Surprise Liquidation of Oyster Marine by Investors

Until a few days ago, everything seemed promising for the award-winning UK yacht builder Oyster Marine. Oyster had a record year in 2017. Their order-book stood at $70 million and they had gotten a great response to their Oyster 745 on display at the Düsseldorf 2018 boat show in January.  Cruising World magazine honored the model as ‘Best Luxury Cruiser’ in its 2018 Boat of the Year Awards. Then, on Monday, an announcement was made — Oyster Marine is being liquidated. 400 jobs are expected to be lost.

What happened? The simplest answer may be that private equity gives and private equity takes away. The firm’s current owner, the Dutch private equity firm, HTP Investments, is believed to have withdrawn its financial support for the firm. 

Oyster Marine, founded in 1973 by Richard Matthews, produced luxury cruising and racing sailboats. In 2008, Matthews sold the company to private equity company Balmoral Capital for about £70 million. Four years later, the firm was sold again to the Dutch investment company, HTP Investments BV, for just under £15 million. HTP also owns companies which build motorhomes and campers as well as auto parts. 

Oyster recently began a major project to build several 118ft superyachts and has been in the progress fabricating new production molds for their Oyster 825 and 895 models. 

While the company generally has appeared to be profitable, it may have suffered losses related to the sinking of the Polina Star III, a new Oyster 90, which sank off Spain in 2015 following a major keel failure.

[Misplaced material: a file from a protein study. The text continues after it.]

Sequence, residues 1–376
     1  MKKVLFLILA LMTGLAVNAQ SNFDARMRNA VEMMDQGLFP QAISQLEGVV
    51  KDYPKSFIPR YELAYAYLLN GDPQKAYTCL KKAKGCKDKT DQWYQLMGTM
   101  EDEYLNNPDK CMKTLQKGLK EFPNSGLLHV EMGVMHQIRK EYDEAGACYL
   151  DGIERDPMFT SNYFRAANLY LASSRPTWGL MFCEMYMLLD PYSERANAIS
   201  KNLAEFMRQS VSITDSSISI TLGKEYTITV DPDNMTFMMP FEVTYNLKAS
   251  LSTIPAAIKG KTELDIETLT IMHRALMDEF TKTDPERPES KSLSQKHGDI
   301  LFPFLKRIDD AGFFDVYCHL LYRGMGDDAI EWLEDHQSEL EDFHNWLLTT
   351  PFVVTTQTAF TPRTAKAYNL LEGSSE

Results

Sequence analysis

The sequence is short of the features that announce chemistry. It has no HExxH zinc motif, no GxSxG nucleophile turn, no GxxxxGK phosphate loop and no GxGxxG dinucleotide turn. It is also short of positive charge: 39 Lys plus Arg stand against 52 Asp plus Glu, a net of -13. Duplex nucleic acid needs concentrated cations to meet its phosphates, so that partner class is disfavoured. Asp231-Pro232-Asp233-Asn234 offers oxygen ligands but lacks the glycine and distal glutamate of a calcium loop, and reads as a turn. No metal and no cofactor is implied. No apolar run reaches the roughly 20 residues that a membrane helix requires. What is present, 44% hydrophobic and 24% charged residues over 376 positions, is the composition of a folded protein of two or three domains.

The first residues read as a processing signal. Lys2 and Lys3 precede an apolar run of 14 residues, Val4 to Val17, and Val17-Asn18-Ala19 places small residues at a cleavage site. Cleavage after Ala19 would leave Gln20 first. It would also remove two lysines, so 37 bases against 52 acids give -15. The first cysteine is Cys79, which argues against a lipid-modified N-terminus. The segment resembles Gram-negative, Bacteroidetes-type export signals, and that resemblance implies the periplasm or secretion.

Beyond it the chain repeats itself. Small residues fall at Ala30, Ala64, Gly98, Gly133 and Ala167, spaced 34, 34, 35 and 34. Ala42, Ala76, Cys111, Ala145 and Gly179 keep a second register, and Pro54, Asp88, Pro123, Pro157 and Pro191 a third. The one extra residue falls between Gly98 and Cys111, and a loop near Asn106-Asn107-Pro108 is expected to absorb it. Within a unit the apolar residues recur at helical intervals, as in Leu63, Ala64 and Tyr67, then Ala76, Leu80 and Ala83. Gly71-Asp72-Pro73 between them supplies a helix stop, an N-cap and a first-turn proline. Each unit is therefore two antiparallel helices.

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2 Responses to Surprise Liquidation of Oyster Marine by Investors

  1. Doug Bostrom says:

    Short product life-cycles, too many variants, limited production, inability to resist the latest and greatest advances in material science add up to produce insufficient profit. Once another investment vehicle shows promise of more consistent and better returns often found in conjunction with better discipline, that’s where money will go regardless of whether the new opportunity involves drowning nuns and orphans or doing something that coincidentally resembles Good Work.

    Working with abstracted money is a bit of deal with the devil. Signer beware.

  2. Willy says:

    Sounds like #2 was poor management and wrecked a good thing. #3 came along and believed the lie that #2 was feeding about a buyer being on the hook. Then the truth came out and now #3 is selling off the remnants with out trying to see if old management could ressurect the mess up of #2.

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